Youngstock housing – Designing housing to feed calves with ease

Feeding is one of the main tasks of calf husbandry, and it requires a lot of money, time and effort. Designing your housing to make feeding easier will greatly benefit you and your team.

Designing housing to feed calves with ease

The preferred method of milk feeding for calf health and productivity is through a teat feeder. Group pens with teat feeders should permit easy access for the stockperson to help all calves in the group to access a teat. The choice of milk feed system should define the optimum group pen size for any particular farm.

Dry feed is best presented to individual calves in shallow bowls or buckets. This is so that quantities can be kept low, daily intakes are easy to see and spoilage is limited. A trough for dry feed should be located more than 2 m from a drinker to reduce the amount of feed that ends up in the drinking bowl.

The design of the feed fence has a significant impact on the amount of feed ingested by individual calves. Trough feeding milk to groups of calves is relatively simple and requires little intervention, and feeders are easy to clean. On the downside, this results in uneven milk feed intakes and subsequent uneven growth rates. Some systems use self-locking feed barriers to increase the control of individual milk intakes.

The feed fence – plus any other requirements, such as a water trough accessible from outside – will define the minimum width of the pen front. Group size can also be used to define the optimum pen size for the post-weaning rearing period. It is preferable to maintain groups through the growth period, as this reduces the short-term periods of stress that occur at mixing. This also reduces the frequency of contact with other potential sources of infection.

A trough or rack feeder is required to provide long chopped straw for optimum rumen development.

Automatic milk feeders

Automatic milk feeders (AMF) can significantly reduce the labour requirement per healthy calf while controlling and monitoring calf milk intakes. However, the automatic feeder is a significant factor in increasing the risk of disease transmission within groups of calves. There is also a requirement to provide sufficient labour to assist calves that do not take rapidly to the AMF.

Many AMFs will have frequent cleaning cycles of machine components. The teats and cleaning water should be directed to underfloor dirty water drainage within or immediately beside each pen. Floor design might incorporate a concrete plinth for automatic feed stations, with a slope towards a gutter or drain to facilitate regular cleaning. Local drainage will assist in managing the increase in urination close to the feeder and an increase in localised hygiene and cleaning required around the feeder. It may be beneficial to allow more floor area per calf than when using manual milk feed systems, to manage high liquid intakes.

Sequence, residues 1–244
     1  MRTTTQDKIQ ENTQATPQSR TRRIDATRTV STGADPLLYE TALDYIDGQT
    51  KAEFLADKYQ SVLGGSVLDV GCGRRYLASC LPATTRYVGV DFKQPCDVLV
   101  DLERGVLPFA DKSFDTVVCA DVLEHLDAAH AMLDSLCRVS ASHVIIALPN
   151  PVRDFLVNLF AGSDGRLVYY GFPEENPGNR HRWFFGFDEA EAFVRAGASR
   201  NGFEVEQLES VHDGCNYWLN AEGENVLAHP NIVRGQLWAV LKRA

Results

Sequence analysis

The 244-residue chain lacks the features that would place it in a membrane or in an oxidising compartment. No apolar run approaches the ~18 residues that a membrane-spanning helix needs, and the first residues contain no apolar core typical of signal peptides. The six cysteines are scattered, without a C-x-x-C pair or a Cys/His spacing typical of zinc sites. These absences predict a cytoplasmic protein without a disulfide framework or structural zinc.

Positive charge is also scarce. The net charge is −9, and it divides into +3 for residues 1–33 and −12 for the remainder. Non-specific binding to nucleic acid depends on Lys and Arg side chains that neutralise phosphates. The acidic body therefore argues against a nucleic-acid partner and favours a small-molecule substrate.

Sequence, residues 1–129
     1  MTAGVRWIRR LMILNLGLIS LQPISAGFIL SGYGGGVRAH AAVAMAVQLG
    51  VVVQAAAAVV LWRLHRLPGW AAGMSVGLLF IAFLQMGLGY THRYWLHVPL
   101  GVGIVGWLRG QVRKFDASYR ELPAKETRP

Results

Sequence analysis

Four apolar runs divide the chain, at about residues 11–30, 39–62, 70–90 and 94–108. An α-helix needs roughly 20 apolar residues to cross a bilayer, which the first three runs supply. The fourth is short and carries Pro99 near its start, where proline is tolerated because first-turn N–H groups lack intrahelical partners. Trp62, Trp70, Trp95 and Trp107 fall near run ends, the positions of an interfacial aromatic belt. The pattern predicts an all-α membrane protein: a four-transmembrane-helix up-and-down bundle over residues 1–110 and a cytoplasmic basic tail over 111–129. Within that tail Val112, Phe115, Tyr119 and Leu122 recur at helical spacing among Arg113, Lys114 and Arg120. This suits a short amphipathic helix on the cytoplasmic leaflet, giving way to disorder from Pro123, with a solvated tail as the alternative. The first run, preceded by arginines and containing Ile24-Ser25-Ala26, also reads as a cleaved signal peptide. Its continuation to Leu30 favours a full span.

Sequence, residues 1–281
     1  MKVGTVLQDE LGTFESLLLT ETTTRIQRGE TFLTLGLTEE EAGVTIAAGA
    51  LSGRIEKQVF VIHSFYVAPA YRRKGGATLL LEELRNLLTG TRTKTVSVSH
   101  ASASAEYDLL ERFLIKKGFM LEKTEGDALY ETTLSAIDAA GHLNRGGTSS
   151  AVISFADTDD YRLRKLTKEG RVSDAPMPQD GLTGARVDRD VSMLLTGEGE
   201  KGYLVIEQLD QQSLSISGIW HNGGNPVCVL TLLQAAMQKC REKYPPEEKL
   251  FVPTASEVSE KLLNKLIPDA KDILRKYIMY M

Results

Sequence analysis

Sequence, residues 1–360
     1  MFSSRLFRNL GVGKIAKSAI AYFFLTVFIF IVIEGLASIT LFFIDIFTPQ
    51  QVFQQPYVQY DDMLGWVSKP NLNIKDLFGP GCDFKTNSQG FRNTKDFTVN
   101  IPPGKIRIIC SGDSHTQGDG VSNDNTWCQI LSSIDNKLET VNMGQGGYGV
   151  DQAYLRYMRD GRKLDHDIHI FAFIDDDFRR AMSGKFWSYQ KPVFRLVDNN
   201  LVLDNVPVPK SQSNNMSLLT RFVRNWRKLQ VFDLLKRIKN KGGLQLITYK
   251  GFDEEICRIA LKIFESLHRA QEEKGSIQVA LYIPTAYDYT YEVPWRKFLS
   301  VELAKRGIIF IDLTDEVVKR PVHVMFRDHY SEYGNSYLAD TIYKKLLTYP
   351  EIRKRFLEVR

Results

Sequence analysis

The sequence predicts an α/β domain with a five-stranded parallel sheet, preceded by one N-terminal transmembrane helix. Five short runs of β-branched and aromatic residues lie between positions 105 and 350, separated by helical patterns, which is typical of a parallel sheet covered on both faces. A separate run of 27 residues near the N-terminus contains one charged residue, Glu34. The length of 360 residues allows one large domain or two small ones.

In some pen designs, drainage of the floor area around an existing feed station can be improved by placing the feed station on a section of concrete pig slats sized for grower pigs.

The feed mixer and control station require water and a power supply with a local drain for dirty water from the wash cycles. Warm milk can be piped up to 5 m to a remote feed station, and all pipework and cables between the mixer and the feeders are best located in a 110 mm duct in the floor slab, with the duct protruding 200 mm above the floor slab at entry and exit points. Dirty water drains are typically 110 mm plastic waste pipes connected to an external sump for further export to the farm’s dirty water system.

Calf kitchen and feed preparation

A calf system can be designed with a feed preparation and cleaning area as an integral part of the system. A calf kitchen is an obvious component to support calf health and growth. It should also serve to improve the effectiveness of labour and make a routine task more pleasant.

A feed preparation area might include:

  • All items stored off the floor to facilitate cleaning
  • A sealed floor sloping 1 in 60 (1.7%) to a drain
  • Adequate racking and shelving for items for immediate use
  • Shelves, racks and wall-mounted pegs to allow feed buckets and components to be dried off the floor
  • A source of heated water with a volume suitable to provide all hot water requirements within a short period
  • A water heater on a controlled timer so that water is available at the required volume and temperature at the right time
  • An area for storage of bagged milk powder and dry feed immediately adjacent to the feed preparation surface, possibly on pallets
  • Be wildlife proof
  • A large-volume plastic sink or similar with hot and cold water supply for cleaning buckets, teats, troughs, etc
    • All sinks or similar to drain direct to waste dirty water system, not to floor

Moisture management in a building can be improved by ensuring bucket washing facilities are located separately from the housing or are provided with effective local drainage within the building.

Read more about youngstock housing

Legislation and market requirements

Temperature, humidity and ventilation

Design questions to consider

Housing layout and construction

Housing systems

System cost comparison

Case studies

Cobblers Farm

Eldon Farm

Holly Green Farm

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